3. Keep the surface constantly moist, using a gentle mist so you don’t dislodge anything. Once a day will probably be enough if the item is in a damp, shady place, but don’t let it dry out. Within six weeks or so you should see the thin green, algae-like filaments that signal new moss is growing.

Transplanting Moss

This method is most often used where the moss will grow on soil, though transplanting will work on any surface as long as it is porous. Before you go out collecting, prepare the site. Remove vegetation (except existing moss, of course). Text for pH and lower it if necessary; most woodland mosses are acid lovers, happiest when pH is about 5.5. Rake the area smooth and water thoroughly.

Collect the moss patches. Place them on the prepared site, pressing down well, then pin them to the soil here and there with twigs to help them bond with their new home. If you’re doing only a small area, you can cover it with the moss “sod”, but otherwise, spread the patches out about 8 to 10 inches from center to center. They will grow together, eventually, as long as you keep the soil between them damp and free of weeds. For faster coverage, make some slurry and spread it between the patches.

Water well right after planting and frequently thereafter. The moss should take hold in about a month. Once it’s established it will tolerate a dry day or two, but not until then.

 

 

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Let’s Have Window Boxes!

Are you looking to dress up the rather plain front of your house? Or, maybe you just don’t have room for containers around your property? Window boxes bring color and spirit to barren areas, as well as considerable pleasure to those who tend them. Measure the width and length of your sill, then check garden shops or hardware stores for boxes in the appropriate size. (If you shop at a store with helpful clerks, you can get plenty of free advice about window-box attachment.)

0e0c7d074ababaf1dca315898593b718Depending on your house style and budget, you can choose from wood, cast cement, molded terra cotta, plastic, or fiberglass. Avoid metal boxes, because they will very likely rust in a few seasons, and if placed on sunny sills will transmit heat, which burns roots.

Make sure the box is securely attached with wire or bolts. Don’t count on just gravity, no matter how wide the support is. Prepare for planting by covering the bottom with a layer of landscape fabric or plastic screen. This will hold the soil in place while allowing water to drain.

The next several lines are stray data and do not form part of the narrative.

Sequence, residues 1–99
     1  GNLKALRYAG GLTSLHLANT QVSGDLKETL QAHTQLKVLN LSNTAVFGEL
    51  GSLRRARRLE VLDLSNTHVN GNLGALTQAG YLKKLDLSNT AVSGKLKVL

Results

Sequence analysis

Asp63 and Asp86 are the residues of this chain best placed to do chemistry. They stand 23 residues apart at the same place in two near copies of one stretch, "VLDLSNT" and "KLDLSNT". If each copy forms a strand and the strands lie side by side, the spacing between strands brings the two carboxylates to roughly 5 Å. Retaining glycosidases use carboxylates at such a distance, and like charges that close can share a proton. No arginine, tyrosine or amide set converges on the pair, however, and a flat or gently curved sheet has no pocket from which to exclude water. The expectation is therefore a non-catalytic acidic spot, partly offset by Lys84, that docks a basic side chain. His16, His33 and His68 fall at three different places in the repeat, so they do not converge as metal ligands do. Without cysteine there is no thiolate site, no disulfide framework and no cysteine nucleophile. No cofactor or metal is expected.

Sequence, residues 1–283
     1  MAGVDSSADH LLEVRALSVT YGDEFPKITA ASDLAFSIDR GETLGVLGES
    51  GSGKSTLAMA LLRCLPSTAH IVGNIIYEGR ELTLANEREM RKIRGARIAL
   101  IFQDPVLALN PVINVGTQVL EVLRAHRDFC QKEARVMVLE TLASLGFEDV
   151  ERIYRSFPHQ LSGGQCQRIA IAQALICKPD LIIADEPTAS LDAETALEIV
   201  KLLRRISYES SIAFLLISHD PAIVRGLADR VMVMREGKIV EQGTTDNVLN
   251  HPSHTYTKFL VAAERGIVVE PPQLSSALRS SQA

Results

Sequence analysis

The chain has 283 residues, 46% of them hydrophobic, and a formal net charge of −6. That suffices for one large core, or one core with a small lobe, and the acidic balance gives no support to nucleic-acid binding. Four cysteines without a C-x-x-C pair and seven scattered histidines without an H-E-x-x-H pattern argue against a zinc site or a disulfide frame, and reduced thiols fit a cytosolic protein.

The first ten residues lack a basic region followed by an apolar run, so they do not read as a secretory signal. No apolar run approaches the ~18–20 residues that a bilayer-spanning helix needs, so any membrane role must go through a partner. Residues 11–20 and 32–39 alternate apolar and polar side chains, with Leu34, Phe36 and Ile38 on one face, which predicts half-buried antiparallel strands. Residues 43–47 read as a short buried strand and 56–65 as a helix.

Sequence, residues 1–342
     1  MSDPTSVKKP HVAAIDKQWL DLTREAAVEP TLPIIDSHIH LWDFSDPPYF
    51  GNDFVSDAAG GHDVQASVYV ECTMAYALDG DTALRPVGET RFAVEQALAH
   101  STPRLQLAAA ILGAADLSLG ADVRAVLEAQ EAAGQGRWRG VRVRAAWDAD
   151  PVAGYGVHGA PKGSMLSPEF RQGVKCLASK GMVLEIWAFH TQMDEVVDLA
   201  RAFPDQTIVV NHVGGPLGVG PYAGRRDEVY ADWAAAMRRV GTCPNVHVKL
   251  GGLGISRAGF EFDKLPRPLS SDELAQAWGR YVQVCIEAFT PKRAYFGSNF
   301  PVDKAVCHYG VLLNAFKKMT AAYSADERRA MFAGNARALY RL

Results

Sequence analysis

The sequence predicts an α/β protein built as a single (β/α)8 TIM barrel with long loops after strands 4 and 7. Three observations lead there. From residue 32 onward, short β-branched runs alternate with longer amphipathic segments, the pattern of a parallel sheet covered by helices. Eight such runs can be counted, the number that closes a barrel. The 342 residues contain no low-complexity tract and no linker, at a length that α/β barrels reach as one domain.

Fill the box about three-quarters full with any all-purpose potting mix, then stir in several trowels each of perlite and organic matter such as leaf mold, aged manure, or compost.

There are no design rules to planting, but contrasting leaf sizes should be a goal, as should contrasting plant outlines. Use bushy plants for bulk, tall plants for a vertical accent, and pendulous species for a graceful cascade over the side. Window boxes almost always look better if there is something draping over the edge, and for sheer drama, you can’t beat drapery that hangs in long streamers well below the box.25137678954_1ef58273fe_b

Unfortunately, although there are many summer stalwarts that will swag down nicely for 12 to 18 inches or so, not many plants are willing to dangle unsupported for much more than that. Plants that will include ivy (Hedera helix), ivy geraniums (Pelargonium peltatum), nasturtiums (Tropaeolum majus), ornamental sweet potato (Ipomoea batatas), trailing lantana (Lantana montevidensis), and vinca (Vinca spp.)

The list of likely trailers is short because most lax-stemmed plants are vines, and most vines would rather hang on than hang down. If they can’t climb straight up, they’ll climb any which way — on themselves, on the other plants in the box, on the brackets that hold the box up, etc. The end result is a tangled mass instead of graceful tresses.